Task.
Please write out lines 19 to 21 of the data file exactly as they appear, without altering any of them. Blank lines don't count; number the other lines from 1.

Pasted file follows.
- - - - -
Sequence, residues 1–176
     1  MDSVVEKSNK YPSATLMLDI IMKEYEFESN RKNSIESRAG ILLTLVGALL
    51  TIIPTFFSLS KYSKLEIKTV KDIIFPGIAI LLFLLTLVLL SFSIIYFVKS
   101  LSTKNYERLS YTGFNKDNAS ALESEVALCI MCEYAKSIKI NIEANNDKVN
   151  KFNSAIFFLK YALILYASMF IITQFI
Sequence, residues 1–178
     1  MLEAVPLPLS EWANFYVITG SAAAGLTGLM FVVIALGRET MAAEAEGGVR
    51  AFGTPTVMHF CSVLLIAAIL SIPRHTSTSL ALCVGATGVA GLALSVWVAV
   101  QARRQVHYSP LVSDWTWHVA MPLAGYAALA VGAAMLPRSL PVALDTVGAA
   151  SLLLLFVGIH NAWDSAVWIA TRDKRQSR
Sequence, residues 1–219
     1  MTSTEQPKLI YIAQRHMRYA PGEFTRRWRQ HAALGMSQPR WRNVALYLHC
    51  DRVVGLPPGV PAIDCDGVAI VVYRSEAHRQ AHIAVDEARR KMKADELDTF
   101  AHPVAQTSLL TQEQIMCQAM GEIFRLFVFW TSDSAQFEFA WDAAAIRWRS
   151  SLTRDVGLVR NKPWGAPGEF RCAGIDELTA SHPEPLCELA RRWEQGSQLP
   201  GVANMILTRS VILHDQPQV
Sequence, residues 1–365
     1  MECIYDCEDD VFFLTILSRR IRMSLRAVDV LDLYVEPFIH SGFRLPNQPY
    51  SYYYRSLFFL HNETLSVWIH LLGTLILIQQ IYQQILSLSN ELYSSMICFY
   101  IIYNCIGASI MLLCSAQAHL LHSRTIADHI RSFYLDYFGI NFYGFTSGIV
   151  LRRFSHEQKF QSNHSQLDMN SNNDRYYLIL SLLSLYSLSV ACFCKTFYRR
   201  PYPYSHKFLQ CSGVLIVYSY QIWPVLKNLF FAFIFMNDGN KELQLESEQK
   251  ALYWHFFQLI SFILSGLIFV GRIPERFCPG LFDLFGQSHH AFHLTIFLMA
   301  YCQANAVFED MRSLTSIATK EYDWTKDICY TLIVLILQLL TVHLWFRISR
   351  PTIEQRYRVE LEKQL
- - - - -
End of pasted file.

    51  SYYYRSLFFL HNETLSVWIH LLGTLILIQQ IYQQILSLSN ELYSSMICFY
   101  IIYNCIGASI MLLCSAQAHL LHSRTIADHI RSFYLDYFGI NFYGFTSGIV
   151  LRRFSHEQKF QSNHSQLDMN SNNDRYYLIL SLLSLYSLSV ACFCKTFYRR